Roland Auguet writes a wonderful book on the games in ancient Rome. The first chapter focuses on the development of the gladiatorial games, from their earliest beginnings. The second chapter talks about the arena - how was it set up, when were events scheduled, and so on. Chapter 3 tells us about the hunts and the 4th chapters deals with how the games were supplied with animals for the hunts. Next we have the races, with their stables, factions and stars. The last three chapters deal with those who took part in the games, from the stars to those do didn't do as well, what did Roman civilization think of the games, and the ruins of the circuses, theatres and amphitheatres.
He does use Latin a lot, but this IS a book on Rome. Not only does he have a glossary in the back, but his also will explain the meaning right in the text. I had no problem, in other words, with the translations. And while it is very detailed, complex, and requires some knowledge of Roman history, that isn't really a problem. Who else is going to read it but a person who is very interested in Roman history?
Also, one whole chapter deals with the issue on why did the Romans allow the games and what they really thought of them. We are talking about a people who really believed slaves were tools. Like most people they loved putting others into molds, into little pigeonholes, and slaves were as low as you could get. It seems that slaves, barbarians, and criminals by fighting in the games and only by either dying well or gaining one's freedom could they regain the status of being human beings. The games, in a way, were about glory, life, and humanity. I am not saying the logic isn't twisted or sick, but the author DID explain it within the book.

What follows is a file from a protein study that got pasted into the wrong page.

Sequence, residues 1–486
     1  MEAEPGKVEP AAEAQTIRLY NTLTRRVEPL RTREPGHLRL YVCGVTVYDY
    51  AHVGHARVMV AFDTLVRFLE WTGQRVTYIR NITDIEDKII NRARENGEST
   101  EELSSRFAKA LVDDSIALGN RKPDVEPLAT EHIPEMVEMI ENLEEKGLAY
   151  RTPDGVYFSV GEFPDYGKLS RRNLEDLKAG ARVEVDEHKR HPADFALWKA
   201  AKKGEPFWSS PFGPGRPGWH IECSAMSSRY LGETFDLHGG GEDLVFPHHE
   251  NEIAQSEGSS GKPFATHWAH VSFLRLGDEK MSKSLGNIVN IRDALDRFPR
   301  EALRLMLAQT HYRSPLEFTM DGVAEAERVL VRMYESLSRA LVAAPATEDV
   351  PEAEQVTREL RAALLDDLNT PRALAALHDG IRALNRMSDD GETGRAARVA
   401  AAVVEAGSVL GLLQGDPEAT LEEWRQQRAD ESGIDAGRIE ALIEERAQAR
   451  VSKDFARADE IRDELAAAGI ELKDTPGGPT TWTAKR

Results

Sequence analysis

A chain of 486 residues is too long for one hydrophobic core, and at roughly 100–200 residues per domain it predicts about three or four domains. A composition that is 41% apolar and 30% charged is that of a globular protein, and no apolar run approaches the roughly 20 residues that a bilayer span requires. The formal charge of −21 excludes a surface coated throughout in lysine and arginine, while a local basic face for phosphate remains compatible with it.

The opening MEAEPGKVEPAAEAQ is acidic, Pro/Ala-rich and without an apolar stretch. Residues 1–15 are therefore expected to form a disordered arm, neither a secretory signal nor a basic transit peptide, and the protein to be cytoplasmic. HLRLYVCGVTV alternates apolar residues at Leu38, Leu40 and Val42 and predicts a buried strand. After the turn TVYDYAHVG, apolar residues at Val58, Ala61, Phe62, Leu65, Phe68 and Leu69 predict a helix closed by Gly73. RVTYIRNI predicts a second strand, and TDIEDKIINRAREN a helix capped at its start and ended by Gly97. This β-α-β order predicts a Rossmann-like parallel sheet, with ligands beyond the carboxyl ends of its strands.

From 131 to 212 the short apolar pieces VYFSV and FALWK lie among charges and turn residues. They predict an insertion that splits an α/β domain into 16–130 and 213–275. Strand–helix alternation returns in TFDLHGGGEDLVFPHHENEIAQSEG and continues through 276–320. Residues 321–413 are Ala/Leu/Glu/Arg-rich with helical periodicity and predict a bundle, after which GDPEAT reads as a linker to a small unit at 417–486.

After reading this book, such an important book about the very roots of Roman society, I would also suggest The Corn Supply of Ancient Rome (Oxford University Press academic monograph reprints) and Slavery and Society at Rome (Key Themes in Ancient History). Both are, like the games, pillars of Roman civilization and helped support it and each other. Where would the games be without the slaves? Where would the slaves and the Romans be without the food to feed them? Where would the grain supply be without the manpower that slaves gave the farmers, ships, and workshops?